Colombia’s Urabeños criminal gang traffics in mayhem


BOGOTA, Colombia -- Human Rights Watch on Thursday blamed the Urabeños criminal gang for helping cause one of Colombia’s worst humanitarian crises in years: the forced displacement last year of 19,000 people from the city of Buenaventura.

The displacements, representing 5% of the Pacific port city’s 370,000 population, were only part of the mayhem perpetrated by the Urabeños, who also engage in criminal activity such as targeting community leaders and rights activists for assassination, the rights group said.

Colombian officials consider the gang the nation’s biggest drug trafficker and say it is involved in extortion, as well as promoting a black market for stolen military weapons and carrying out killings.


The diversity and scope of Colombia’s most powerful outlaw gang illustrate the seriousness of the nation’s organized-crime problem, analysts say, even as the government claims to have dismantled dozens of similar gangs in the last several years.

“While authorities have captured many Urabeños members, they have not been able to curb the power of the group,” said Max Schoening, the rights group’s Colombia representative.

President Juan Manuel Santos ordered a “special intervention” by armed forces in Buenaventura this month after police found several houses where Urabeños and other gangs are thought have taken victims for torture, killings and dismemberment.

The Urabeños gang, which takes its name from the Uraba region of northwestern Colombia, controls a drug trafficking organization that handles from a third to half of the 300 tons of cocaine shipped to the United States last year, according to the U.S. Drug Enforcement Administration.

The gang is causing mayhem in Buenaventura because it is fighting other gangs for control of the city, which is Colombia’s largest Pacific port and a gateway for cocaine shipments to the U.S. Cocaine is hidden in freight containers placed aboard cargo ships and sent northward aboard smaller craft launched from the city’s inlets and mangroves.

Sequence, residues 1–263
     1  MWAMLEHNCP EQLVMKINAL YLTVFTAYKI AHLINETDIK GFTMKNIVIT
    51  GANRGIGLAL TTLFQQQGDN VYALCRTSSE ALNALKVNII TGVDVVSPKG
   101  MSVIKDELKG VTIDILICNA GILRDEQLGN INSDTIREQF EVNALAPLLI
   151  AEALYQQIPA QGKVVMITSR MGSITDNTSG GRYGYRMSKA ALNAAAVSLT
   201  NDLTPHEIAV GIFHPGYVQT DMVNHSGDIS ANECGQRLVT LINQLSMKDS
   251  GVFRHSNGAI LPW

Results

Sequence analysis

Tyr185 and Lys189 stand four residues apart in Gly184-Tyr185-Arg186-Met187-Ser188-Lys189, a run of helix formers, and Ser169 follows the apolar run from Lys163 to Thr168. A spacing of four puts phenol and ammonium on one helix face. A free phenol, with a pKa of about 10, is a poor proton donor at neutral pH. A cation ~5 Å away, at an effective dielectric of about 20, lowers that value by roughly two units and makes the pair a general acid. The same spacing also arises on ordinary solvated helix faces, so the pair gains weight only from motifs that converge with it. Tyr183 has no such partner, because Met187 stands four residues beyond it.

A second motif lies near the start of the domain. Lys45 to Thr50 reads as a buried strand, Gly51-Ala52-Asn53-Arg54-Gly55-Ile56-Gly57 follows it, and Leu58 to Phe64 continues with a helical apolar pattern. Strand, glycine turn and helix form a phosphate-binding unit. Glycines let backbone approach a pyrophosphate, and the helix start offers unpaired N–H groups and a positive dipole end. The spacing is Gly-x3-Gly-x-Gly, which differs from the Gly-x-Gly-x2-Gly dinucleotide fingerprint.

The Buenaventura situation is especially alarming because the Colombian and U.S. governments have poured millions of dollars in aid into the city during the last decade to try to develop the port and give the mostly impoverished Afro-Colombian residents economic alternatives to crime.


Maj. Gen. Ricardo Alberto Restrepo, commander of Colombia’s anti-narcotics police, said in an interview that in addition to drugs, the gang also traffics in black market gasoline along the Venezuelan border, an activity that also enables it to launder drug profits. Extortion, illegal gold mining, kidnapping and for-hire killings round out the group’s criminal portfolio, he said.

Jeremy McDermott, co-director of InSight Crime, a Medellin-based think tank that tracks organized crime in Colombia, said the Urabeños’ ascendance comes as “criminality” -- robberies, micro-trafficking of drugs and extortion -- has been on the rise in Colombia in recent years, while killings and kidnappings have decreased.

“Whereas Pablo Escobar made 100% of his money trafficking drugs, the Urabeños may make only 50% of their money that way. They have a vastly more diverse criminal portfolio than their predecessors and what they are interested in is getting a cut, mafia-style, of all the action,” McDermott said.

The leaders of the Urabeños are former members of a powerful right-wing paramilitary gang called the Centaur Block that demobilized in 2006. Whereas other capos in the gang took the government’s offer to lay down their arms, brothers Dario and Giovanni Usuga opted to maintain the militia’s criminal businesses.

Giovanni Usuga was killed in a New Year’s Day 2012 shootout with police. Dario Usuga has a $6-million bounty on his head -- the U.S. State Department is offering $5 million and the Colombian government $1 million -- making him perhaps the hemisphere’s most wanted drug trafficker after Joaquin “El Chapo” Guzman’s capture last month in Mexico.

U.S. and Colombian authorities said the Urabeños gang problem provides a preview of an even greater potential organized crime threat that could follow a peace deal with the Revolutionary Armed Forces of Colombia, or FARC, if negotiations underway in Havana are successful. They fear that FARC guerrillas who don’t demobilize could form similar gangs.


The Urabeños’ preeminence as a criminal organization is partly a result of Colombian law enforcement’s having taken down a score of competing gangs since 2006, said Jay Bergman, the DEA agent overseeing the Andean region in Bogota.

“They’re the victims of their own success. The Colombians have knocked out the other gangs but left the field wide open for the Urabeños,” said Bergman, adding that “dozens” of the gang’s members are under indictment in the U.S. on drug trafficking charges. “They remain the DEA’s No. 1 investigative priority.”

Kraul is a special correspondent.